To do this, HIPAA has established a 10-Step process for companies to use to ensure compliance and security standards are met (http://www. healthit. gov/providers-professionals/ehr-privacy-security). Data back-up and recovery is critical in the event of a disaster such as flood or fire, and also theft of a physical system. Adequate recovery and backup services must be available in order to ensure preservation and security of patient data. Multiple data backup programs should be available to the EMR system, and the backup and recovery of data should be tested prior to implementation of a live system (Smith, 2003).

Cost A study analyzing cost effectiveness of use of electronic medical records published by The American Journal of Medicine concluded that implementation of electronic medical record systems in the primary care setting resulted in a very positive financial benefit. The net benefit from using electronic medical records over a five year period averaged over eighty six thousand dollars per provider studied. Those benefits come from improved utilization of testing, better charge capture and a large reduction in billing errors due to the office management capabilities found in electronic medical record systems.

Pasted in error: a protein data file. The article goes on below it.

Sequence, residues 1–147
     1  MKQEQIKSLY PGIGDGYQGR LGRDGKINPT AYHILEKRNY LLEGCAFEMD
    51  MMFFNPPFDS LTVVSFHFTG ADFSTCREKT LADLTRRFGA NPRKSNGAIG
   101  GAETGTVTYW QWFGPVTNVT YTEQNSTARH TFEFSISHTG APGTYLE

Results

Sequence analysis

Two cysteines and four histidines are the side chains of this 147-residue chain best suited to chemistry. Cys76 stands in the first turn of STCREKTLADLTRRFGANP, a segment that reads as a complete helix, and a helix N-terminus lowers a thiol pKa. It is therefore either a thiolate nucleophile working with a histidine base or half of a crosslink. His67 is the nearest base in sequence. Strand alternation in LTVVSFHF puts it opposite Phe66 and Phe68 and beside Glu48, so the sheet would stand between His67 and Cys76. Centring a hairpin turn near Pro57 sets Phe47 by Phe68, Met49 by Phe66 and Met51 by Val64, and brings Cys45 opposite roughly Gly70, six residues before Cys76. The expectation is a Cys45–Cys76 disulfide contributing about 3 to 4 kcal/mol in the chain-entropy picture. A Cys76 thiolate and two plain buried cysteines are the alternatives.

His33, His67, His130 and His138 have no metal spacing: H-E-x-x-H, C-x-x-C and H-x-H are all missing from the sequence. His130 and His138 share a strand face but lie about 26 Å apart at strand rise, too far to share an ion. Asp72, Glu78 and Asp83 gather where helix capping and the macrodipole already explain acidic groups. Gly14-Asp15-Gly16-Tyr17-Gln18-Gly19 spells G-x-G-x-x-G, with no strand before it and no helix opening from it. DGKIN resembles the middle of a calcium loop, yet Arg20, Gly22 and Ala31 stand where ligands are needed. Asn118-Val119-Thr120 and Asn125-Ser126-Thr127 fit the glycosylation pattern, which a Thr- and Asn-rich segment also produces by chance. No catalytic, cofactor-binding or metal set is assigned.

Additional areas analyzed that showed a cost savings were: reduced need for transcription services, chart pull cost elimination, and prevention of adverse drug events (Wang et al. , 2003). Benefits to Care EMR systems offer numerous benefits to patient care. Having access to electronic medical records eliminates “per incident” paper charting, which gives the nurse an overall view of patient’s case including past medical and surgical history, current medical conditions, laboratory results, test and imaging results, physician and nursing progress notes, therapy notes, prescribed medications, and patient care goals.

Use of an EMR also saves time by giving the nurse that comprehensive view of all needed patient information in one place, allowing the nurse to spend more time doing direct hands-on patient care. Utilization of EMR systems also fosters evidence based practice by lending to ease of research to view past medical data, care plans and outcomes of patients with similar health issues. Having access to this information in an efficient manner allows the medical team to more effectively treat patients based on similar cases (Thede & Sewell, 2010). Recommendation & Justification

In doing my research, I compared two electronic medical record systems: Sunrise Clinical Manager 2011 Suite 5. 5 and ADP AdvancedMD HER. Based on my findings, I recommend the ADP AdvancedMD HER system be implemented. ADP AdvancedMD is supported by the internet, so remote access is possible from anywhere the internet is available. This will allow for greater flexibility for physicians and the other members of the healthcare team. ADP AdvancedMD also caters to all medical specialty areas from dermatology, and cardiology to pediatrics and general surgery.